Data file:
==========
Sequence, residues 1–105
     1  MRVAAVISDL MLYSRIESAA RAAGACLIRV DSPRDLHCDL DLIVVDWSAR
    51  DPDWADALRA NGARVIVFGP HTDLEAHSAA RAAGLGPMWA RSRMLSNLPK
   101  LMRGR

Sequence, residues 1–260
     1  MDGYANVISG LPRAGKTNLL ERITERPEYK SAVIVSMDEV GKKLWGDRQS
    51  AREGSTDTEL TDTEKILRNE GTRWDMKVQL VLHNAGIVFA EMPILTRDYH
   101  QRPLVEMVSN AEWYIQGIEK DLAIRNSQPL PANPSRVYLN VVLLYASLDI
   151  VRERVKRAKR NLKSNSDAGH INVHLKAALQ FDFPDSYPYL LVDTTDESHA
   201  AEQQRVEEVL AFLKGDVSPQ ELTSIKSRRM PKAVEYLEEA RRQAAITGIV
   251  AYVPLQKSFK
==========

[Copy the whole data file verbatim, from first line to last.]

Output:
Sequence, residues 1–105
     1  MRVAAVISDL MLYSRIESAA RAAGACLIRV DSPRDLHCDL DLIVVDWSAR
    51  DPDWADALRA NGARVIVFGP HTDLEAHSAA RAAGLGPMWA RSRMLSNLPK
   101  LMRGR

Sequence, residues 1–260
     1  MDGYANVISG LPRAGKTNLL ERITERPEYK SAVIVSMDEV GKKLWGDRQS
    51  AREGSTDTEL TDTEKILRNE GTRWDMKVQL VLHNAGIVFA EMPILTRDYH
   101  QRPLVEMVSN AEWYIQGIEK DLAIRNSQPL PANPSRVYLN VVLLYASLDI
   151  VRERVKRAKR NLKSNSDAGH INVHLKAALQ FDFPDSYPYL LVDTTDESHA
   201  AEQQRVEEVL AFLKGDVSPQ ELTSIKSRRM PKAVEYLEEA RRQAAITGIV
   251  AYVPLQKSFK